Navy air crew surveys coastline
A Royal Australian Navy plane has been flying low along the south coast, as part of a high-tech scanning mission.
The hydrographic service has been operating since January 22 to map the southern coastline for potential marine hazards.
Flying at speeds of about 175 knots and surveying 40sqkm an hour, the laser airborne depth sounder flight uses a powerful laser to measure the depth from the ocean surface to a sub-surface — usually the sea floor.
Measuring up to depths of 50m, the information is then used to create data to update nautical charts.
From Esperance to off the coast of Albany near West Cape Howe and west towards Cape Leeuwin, LADS flight executive officer Lieutenant Cheyne Colley said the mission was vital to ensure the safety of waters.
“The aim of this mission is to conduct a modern survey of coastal shipping routes and poorly charted waters, poorly surveyed waters, improving the safety of navigation throughout the region,” Lt Colley said. “We’re looking for anything that has got the potential for a vessel to run aground on.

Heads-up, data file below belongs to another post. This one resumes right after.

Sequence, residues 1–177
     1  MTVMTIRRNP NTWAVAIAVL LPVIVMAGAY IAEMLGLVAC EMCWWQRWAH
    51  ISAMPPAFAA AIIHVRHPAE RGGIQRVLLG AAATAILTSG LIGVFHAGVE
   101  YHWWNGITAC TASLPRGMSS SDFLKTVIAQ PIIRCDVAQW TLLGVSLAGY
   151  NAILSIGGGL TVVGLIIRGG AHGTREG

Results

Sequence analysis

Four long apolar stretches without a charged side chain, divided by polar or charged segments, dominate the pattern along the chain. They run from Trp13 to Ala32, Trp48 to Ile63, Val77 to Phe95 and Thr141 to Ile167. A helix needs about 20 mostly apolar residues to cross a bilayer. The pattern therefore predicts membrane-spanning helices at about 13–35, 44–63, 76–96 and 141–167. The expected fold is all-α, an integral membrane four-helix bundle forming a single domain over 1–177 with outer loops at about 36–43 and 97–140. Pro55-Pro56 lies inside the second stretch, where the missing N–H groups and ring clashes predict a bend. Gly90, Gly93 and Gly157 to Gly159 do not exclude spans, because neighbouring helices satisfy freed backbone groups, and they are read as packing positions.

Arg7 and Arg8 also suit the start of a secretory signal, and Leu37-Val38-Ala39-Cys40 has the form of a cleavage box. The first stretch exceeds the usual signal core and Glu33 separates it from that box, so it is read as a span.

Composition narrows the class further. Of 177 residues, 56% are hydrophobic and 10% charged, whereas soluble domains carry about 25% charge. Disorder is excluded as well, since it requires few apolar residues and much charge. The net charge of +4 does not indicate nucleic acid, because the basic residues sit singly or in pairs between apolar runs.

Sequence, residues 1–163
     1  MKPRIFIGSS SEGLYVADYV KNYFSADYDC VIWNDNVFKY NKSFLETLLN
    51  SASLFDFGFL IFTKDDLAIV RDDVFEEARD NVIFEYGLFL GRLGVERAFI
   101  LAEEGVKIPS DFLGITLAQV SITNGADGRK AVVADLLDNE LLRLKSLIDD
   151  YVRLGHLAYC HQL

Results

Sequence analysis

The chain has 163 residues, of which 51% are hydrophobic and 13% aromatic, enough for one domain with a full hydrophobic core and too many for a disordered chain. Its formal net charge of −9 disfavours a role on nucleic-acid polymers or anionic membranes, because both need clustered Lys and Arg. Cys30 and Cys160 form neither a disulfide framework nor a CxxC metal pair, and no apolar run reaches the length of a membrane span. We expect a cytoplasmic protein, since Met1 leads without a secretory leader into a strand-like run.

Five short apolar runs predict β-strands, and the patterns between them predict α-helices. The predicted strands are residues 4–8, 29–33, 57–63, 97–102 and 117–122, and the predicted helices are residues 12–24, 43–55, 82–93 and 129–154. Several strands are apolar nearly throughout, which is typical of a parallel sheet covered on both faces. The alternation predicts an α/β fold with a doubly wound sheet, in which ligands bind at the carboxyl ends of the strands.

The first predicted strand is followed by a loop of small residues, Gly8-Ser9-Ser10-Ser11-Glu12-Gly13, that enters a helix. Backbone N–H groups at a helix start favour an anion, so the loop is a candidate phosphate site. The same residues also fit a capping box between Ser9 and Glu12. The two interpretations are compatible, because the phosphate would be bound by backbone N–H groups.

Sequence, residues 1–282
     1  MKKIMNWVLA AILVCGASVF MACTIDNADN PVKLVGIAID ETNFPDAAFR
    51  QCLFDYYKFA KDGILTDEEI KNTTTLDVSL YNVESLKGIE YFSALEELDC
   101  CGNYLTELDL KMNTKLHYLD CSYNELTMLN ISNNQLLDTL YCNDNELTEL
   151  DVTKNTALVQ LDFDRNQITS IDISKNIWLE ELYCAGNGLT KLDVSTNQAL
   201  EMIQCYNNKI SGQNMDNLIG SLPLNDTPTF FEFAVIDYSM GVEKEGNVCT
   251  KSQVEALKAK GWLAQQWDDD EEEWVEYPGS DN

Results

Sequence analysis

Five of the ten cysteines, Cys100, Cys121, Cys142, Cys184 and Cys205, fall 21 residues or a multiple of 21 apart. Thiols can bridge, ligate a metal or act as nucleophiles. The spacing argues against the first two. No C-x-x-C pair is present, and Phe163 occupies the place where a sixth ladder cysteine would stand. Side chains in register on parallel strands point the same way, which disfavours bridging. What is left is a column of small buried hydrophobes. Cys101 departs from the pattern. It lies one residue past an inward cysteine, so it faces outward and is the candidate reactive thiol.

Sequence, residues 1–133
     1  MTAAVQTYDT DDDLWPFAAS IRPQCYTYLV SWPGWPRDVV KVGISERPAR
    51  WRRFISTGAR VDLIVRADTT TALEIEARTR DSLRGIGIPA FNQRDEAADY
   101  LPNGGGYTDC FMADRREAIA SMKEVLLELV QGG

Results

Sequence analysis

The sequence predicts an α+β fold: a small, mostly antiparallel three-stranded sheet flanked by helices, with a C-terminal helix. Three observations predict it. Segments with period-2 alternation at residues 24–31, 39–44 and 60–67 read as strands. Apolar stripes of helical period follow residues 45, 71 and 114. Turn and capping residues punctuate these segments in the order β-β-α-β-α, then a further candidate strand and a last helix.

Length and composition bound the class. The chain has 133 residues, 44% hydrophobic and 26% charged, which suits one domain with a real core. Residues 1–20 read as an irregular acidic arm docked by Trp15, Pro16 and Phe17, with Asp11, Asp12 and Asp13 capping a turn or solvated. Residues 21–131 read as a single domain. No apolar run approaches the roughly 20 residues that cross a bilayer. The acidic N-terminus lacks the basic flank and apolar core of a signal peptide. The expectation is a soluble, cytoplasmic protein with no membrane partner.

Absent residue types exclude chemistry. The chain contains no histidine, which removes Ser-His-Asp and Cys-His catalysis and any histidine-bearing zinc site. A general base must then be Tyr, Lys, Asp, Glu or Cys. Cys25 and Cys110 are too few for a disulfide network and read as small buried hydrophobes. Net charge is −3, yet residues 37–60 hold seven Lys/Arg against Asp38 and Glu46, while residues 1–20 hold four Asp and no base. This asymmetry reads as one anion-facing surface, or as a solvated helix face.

“Throughout this whole region particularly off the Esperance area, so many islands and offshore reefs in that region.”
Despite covering more than 150 square nautical miles a day, Lt Colley said they were yet to see anything unusual in Albany waters.
“The edge of the continental shelf sometimes can be quite interesting — you’ll be surveying water that is around 30-50m then it just drops straight down to thousands of metres,” he said. “(There are) a few reefs, most that have been charted already ... it’s just a beautiful coastline to fly over, really.”
Lt Colley said this was the first time LADS had operated from Albany, with previous surveys conducted by ships. Although the mission is to map waters, Lt Colley says the work may identify new shipping routes. The survey mission is set to be completed next week.
Get the latest news from thewest.com.au in your inbox.
Sign up for our emails